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BOWEN SALT PROSPECTS.
CONDITIONS SUPERIOR TO GEELONG.
By H. C. DANIEL, Alderley.
Many years ago a French engineer visiting Bowen was struck with the extraordinary possibilities of a large tidal salt pan adjoining the town as a site for the production of salt by solar evaporation, and imparted his knowledge to the late Mrs. O’Toole with a view to obtaining her financial assistance in establishing the industry. Later another engineer, who held the position of Government boiler inspector, approached the same lady with a similar object.
A prospectus of the proposed undertaking was issued, but nothing further was done. Perhaps it was just as well, for the scheme as proposed and outlined was doomed to failure.
The late Mr. O'Toole, who was a great friend of mine, drew my attention to the matter, knowing I had some knowledge of the industry, and in May, 1920, I purchased all the freehold land adjoining the present evaporation areas. I continued to investigate the possibilities of the scheme, and awaited the completion of the Brisbane-Cairns railway and the Bowen electric power house, factors necessary for the success of the enterprise.
In June, 1925, I engaged the services of two competent experts, Mr. Paton, of Sydney, and Mr. Boodle, of Ocean Salt Co., Ltd., Port Augusta, South Australia. Mr. Boodle was the first manager, and, after the completion of the subdivision of the evaporating areas (crystalisers and washing plant), and the first harvest in December, 1925, he stressed the urgent necessity of a refinery so that all grades of salt could be supplied to Queensland. Later the company increased its capital for this purpose, as well as for additional works at the Gathalungra areas. Unfortunately for the shareholders the money subscribed was not expended for the erection of a refinery-the most essential thing necessary for the success of the company.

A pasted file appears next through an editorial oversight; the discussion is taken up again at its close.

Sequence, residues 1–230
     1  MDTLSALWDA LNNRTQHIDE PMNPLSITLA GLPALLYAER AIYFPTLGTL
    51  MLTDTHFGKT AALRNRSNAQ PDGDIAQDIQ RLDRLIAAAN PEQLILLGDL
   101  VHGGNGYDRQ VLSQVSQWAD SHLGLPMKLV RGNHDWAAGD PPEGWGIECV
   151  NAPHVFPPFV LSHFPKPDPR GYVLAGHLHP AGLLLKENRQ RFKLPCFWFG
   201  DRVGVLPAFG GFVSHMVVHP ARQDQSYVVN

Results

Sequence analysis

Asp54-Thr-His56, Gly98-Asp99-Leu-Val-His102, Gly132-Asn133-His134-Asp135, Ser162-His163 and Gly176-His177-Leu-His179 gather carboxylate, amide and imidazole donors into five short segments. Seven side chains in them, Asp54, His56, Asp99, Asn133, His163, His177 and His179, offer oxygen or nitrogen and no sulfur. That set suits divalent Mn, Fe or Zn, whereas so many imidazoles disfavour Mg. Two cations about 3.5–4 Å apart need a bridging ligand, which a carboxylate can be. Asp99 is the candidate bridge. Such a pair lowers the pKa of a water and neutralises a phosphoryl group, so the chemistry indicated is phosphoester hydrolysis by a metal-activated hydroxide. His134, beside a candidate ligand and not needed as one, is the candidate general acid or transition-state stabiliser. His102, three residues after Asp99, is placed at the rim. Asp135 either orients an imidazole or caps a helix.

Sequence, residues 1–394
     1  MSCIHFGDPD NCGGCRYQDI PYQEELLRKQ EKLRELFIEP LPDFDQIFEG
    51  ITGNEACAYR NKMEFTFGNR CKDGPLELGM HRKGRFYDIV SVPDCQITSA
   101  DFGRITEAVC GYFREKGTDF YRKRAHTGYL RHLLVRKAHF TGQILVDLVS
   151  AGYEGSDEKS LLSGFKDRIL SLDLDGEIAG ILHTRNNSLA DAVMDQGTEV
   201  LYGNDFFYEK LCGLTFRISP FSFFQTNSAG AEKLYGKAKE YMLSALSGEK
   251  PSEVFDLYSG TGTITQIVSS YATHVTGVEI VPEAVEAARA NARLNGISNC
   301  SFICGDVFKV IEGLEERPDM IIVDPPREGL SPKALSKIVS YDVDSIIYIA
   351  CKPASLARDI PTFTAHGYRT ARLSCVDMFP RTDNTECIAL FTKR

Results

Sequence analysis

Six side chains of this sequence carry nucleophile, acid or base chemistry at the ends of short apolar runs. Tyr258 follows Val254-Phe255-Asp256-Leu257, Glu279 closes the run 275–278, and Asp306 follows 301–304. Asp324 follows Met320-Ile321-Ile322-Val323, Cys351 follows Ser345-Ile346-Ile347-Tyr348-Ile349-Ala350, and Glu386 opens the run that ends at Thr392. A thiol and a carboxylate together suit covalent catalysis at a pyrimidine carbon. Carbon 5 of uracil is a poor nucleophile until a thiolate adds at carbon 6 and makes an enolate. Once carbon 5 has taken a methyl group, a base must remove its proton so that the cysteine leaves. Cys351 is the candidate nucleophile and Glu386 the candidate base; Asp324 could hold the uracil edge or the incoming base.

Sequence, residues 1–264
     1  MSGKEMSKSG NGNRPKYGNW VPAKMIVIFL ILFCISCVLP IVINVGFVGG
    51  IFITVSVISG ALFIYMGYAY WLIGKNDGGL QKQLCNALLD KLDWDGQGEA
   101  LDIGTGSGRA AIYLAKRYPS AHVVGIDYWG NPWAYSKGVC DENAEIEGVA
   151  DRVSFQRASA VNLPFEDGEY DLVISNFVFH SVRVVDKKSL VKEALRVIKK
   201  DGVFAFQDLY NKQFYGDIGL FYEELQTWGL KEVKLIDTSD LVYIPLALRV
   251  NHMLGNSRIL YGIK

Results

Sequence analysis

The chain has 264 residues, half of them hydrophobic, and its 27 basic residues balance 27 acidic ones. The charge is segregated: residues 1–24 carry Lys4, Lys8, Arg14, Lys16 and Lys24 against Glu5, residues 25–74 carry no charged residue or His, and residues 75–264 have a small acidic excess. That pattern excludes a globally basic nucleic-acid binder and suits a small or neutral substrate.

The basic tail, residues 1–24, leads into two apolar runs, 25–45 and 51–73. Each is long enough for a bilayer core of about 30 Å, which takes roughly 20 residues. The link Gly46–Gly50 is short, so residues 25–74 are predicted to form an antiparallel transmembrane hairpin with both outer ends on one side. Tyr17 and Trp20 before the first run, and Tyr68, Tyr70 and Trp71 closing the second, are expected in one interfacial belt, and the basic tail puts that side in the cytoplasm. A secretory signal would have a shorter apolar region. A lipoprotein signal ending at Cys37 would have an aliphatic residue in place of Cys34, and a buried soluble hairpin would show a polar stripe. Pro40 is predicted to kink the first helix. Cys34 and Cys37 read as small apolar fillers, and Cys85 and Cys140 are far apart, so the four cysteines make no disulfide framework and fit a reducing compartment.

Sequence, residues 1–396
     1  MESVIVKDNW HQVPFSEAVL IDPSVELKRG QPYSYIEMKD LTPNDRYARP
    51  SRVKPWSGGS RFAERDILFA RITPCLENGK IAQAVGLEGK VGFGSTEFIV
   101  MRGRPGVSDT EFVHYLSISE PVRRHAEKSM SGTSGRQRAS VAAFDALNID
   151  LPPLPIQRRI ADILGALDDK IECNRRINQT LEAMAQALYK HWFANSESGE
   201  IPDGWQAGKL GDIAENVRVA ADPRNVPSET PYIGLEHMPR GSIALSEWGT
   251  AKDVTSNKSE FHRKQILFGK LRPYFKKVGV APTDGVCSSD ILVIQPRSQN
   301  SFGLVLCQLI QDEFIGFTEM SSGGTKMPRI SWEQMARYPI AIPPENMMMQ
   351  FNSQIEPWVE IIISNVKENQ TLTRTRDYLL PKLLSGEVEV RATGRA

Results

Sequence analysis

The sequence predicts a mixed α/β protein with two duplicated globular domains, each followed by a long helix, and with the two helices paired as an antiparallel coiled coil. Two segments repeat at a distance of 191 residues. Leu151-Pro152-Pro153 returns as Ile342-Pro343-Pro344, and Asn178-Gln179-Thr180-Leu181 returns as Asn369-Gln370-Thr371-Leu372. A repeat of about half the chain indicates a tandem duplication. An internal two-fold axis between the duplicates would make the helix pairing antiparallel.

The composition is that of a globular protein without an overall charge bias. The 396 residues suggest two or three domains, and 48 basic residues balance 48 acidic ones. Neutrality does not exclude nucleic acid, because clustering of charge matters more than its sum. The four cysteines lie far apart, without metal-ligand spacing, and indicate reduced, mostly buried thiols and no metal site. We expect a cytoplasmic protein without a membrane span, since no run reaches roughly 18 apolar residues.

The late manager (Mr. Patterson) assured me that he could have produced 40,000 tons in the year 1931, and it is evident that during the past season a very much larger harvest than 8000 tons could have been garnered, seeing that 7000 tons were left in the crystalisers ungarnered. It would be safe to estimate the possibilities of a production of 100,000 tons of salt per year from both areas, and thus supply the requirements of Queensland and New South Wales, with favourable possibilities for export trade, -
The first essential conditions for sea salt production are: (1) Comparatively low rainfall; (2) high evaporation, and (3) extensive clay pans.
Bowen is exceptionally fortunate regarding these, having a net evaporation over rainfall higher than any other point on the cast coast of Australia. Salt can be produced during the dry period, April to December, having a net evaporation over rainfall of 29 inches. As these figures are taken from calculations of the wet and dry bulb thermometer, which do not account for the full benefit of the constant winds that blow at Bowen, it follows that the evaporation must be greatly increased over the large area of clay pan exposed. It exceeds the salt producing period at Geelong by about 12 inches, where the largest and wealthiest salt company operates.